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The Handmaid’s Tale (2010 adaptation: Getting Tail)

2009 March 25
by Baibh Cathba

Thought that this might be a bit too long to be a comment, and I’m probably going to miss class because I’m barfy… er… hope that’s not TMI or oversharing…

Starting with this Alternate Cover for The Handmaid’s Tale and the Movie from 1990, one can see the focus on sex and “the forbidden”. Thus, any movie for the Handmaid’s Tale in the future would most likely also try for the sexual aspect of production. Simply being that sex sells. (As stated in class, red is the color of an apple, the original sin: temptation borne of eve. It is seductive, poisonous, dangerous, and hungry. It represents warmth and passion. It’s the perfect color for women who are supposed to be whorish, yet pure. It brings up the ultimate dichotomy regarding the view of women: The Madonna or Jezebel.)

The biggest problem (as stated by SarahLeia) seems to be the focus of the movie, and where to bring the most attention. I agree that by trying to “stick to the plot” of the original story as printed in a book makes the attention span blast outwards in a riotous confusion of paths to follow. I agree with previous statements that the 1990 version gets a little off the message of the book (as well as being a waste of time), as was evidenced by the Photo of the cover that Anne showed us in class on Monday (see the image in Class Notes from day 16).

It would probably fit today’s “feel” if the 2010 movie adaptation were “Indie”. The cast cannot be big name, the characters have to stand on their own merit, as ordinary people. Pffft, I’d like to see Angelina Jolie try to play Offred. ;P It’d probably be awesome to do something like… the movie Memento. Instead of a straight storyline that marches into plot, it’d be interesting to see it in the order of the book, or perhaps even more out of order; a “snapshot” type way of looking at the movie. I think modern music would also add a jarring sense of reality to it rather than an “old timey” score as was reaching a crescendo in the bg of the 1990 version. The costumes should be what comes from our modern-day styles, then insidiously change into something more constricting that loses the sleek shapes of fashion. (I’m imagining something that constricts like this: dress, or perhaps this Qipao without the leg slits in order to prevent freedom of movement.) Eventually the women add more and more layers till they become buried in hoops and crinoline! AHAHAHAHA! Perhaps slowly form tuxedos into uniforms for the guys (Cause it would be cool at first, like, “dude I gots a gun! And I’m like the James Bond of awesome” and then slowly be like, “why can’t I use this tie as a noose”)? Hmmm… this dressing up might be my favorite part actually (Shoutout to DC in the name of fashion!). I think it would be absolutely insidious to film in a suburb somewhere. Even better, start at a school (they’re already in uniform) and then indoctrinate ’em while they’re still young! (er… is this inching more towards a horror film?) Soon they’d be all “omg! join usssssssss“, and it’d be a creep factory of awesome!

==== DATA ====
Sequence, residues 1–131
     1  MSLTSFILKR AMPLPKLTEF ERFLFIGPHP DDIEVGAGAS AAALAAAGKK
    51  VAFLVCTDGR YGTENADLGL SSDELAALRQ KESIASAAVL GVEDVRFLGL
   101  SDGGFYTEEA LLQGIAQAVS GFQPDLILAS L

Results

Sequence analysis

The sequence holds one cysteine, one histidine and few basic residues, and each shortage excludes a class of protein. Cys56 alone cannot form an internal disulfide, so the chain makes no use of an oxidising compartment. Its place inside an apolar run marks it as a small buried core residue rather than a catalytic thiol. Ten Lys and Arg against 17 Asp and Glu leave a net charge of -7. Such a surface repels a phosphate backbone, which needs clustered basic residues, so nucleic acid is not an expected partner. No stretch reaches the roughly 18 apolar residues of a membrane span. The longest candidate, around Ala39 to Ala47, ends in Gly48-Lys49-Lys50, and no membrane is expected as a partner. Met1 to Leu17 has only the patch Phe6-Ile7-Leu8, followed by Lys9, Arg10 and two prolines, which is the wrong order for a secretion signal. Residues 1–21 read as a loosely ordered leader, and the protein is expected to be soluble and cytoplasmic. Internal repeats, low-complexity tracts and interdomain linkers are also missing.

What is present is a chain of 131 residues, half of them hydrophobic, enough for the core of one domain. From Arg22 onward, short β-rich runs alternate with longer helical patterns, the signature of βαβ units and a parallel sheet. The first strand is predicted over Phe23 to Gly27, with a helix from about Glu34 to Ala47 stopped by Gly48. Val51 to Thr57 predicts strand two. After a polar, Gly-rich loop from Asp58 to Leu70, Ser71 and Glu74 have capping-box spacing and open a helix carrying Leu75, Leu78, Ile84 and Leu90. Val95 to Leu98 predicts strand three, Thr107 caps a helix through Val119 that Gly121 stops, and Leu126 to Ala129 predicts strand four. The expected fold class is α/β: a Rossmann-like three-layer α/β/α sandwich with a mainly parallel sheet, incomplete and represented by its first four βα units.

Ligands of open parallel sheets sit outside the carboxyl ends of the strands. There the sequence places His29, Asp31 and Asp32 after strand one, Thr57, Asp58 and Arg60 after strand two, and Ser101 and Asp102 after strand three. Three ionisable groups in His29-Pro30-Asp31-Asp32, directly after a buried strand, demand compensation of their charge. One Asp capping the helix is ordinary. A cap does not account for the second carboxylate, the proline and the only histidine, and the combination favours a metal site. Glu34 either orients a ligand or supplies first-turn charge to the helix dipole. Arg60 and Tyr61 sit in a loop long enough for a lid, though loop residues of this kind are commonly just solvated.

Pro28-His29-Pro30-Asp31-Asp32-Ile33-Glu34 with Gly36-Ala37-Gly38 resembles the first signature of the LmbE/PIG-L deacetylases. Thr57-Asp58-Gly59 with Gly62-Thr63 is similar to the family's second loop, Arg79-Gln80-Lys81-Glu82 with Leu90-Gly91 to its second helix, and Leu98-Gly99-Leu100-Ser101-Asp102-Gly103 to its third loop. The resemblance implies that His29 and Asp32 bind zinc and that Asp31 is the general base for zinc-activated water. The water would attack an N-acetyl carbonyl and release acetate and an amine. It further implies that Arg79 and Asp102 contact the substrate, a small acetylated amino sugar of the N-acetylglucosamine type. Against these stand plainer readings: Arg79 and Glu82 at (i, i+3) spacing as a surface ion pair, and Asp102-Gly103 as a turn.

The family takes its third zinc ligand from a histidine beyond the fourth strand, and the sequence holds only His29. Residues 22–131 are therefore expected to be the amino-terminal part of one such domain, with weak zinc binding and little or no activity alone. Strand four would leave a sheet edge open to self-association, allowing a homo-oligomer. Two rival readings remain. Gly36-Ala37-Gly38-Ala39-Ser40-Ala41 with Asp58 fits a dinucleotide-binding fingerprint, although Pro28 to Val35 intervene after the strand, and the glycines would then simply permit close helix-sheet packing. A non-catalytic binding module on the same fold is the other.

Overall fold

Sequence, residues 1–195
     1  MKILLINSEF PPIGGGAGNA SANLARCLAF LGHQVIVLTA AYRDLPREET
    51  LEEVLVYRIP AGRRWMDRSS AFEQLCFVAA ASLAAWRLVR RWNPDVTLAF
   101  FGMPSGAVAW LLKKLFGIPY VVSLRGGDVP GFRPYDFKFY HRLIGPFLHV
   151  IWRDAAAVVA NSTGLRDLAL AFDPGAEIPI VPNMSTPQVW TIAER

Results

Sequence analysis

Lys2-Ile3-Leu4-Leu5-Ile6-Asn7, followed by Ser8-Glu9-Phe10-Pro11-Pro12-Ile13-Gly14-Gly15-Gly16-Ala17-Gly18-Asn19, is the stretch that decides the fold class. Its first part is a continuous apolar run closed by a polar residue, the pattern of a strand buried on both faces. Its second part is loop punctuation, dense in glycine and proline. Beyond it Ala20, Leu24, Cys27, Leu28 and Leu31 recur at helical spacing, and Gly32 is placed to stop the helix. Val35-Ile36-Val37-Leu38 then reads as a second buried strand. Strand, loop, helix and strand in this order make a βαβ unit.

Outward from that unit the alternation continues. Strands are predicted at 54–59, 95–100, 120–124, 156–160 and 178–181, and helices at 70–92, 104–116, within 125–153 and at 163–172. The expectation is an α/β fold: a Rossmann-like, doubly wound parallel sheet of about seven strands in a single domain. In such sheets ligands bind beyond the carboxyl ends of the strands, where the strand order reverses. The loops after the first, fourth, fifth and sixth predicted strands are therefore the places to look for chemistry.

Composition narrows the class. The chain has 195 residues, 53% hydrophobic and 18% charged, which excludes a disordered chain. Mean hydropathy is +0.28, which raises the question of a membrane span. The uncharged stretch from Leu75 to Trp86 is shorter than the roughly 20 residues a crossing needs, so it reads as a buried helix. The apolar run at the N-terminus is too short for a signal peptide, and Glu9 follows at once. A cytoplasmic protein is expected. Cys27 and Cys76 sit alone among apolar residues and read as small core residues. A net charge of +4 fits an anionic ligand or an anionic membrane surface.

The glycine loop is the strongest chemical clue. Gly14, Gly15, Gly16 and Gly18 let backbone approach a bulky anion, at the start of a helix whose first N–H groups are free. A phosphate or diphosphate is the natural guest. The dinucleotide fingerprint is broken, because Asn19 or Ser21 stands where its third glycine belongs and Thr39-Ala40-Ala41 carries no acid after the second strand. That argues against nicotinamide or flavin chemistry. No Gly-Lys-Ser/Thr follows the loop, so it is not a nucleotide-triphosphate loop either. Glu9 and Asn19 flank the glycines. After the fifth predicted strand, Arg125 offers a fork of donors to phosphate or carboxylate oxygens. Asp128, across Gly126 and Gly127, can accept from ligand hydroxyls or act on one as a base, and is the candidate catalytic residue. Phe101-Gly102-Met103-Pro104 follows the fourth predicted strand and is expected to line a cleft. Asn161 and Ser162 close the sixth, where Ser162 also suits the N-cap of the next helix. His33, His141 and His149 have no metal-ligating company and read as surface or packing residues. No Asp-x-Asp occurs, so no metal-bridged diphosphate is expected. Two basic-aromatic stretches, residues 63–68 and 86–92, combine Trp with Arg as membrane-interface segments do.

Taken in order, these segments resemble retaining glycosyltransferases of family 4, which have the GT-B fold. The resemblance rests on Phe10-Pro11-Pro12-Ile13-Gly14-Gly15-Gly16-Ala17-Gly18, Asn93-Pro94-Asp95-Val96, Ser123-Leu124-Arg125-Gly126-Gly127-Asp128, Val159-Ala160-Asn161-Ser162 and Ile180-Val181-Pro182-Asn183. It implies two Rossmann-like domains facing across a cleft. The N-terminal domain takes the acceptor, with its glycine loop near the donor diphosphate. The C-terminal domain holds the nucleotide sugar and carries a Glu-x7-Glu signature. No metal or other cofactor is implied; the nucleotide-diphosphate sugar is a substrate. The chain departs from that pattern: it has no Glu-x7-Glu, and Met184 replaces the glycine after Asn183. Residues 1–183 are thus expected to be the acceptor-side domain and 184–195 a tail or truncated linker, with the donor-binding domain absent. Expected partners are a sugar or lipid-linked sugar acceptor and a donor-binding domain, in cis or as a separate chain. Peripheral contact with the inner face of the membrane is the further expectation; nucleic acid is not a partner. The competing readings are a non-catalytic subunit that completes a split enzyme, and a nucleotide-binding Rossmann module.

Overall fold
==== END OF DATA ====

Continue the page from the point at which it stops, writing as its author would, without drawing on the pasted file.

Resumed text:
One Response
  1. Natasha permalink
    March 25, 2009

    Cool, thanks for all the pictures, it made it really fun reading the post! Yep good idea about keeping the sequence of the film to be non-chronological like the book. That’s something I was also thinking of during class discussion. When we discussed book –> movie transformations in general, often (not always) the directors change a non-chronological to a chronological format.

    That in itself is a big change, turning something where the reader (or viewer) has a lot of discovery to do to something which is, as discussed, pretty much laid out for you (ideas are often more explicit and less open to interpretation as we discussed, and plot proceeds linearly and more obviously); in books, the reader’s often a bit confused at the beginning, which leads to curiosity to learn more, which in turn leads to reading on and figuring out concepts for oneself. This is lacking a bit in linear movies, though there are other ways to cause curiosity & learning.

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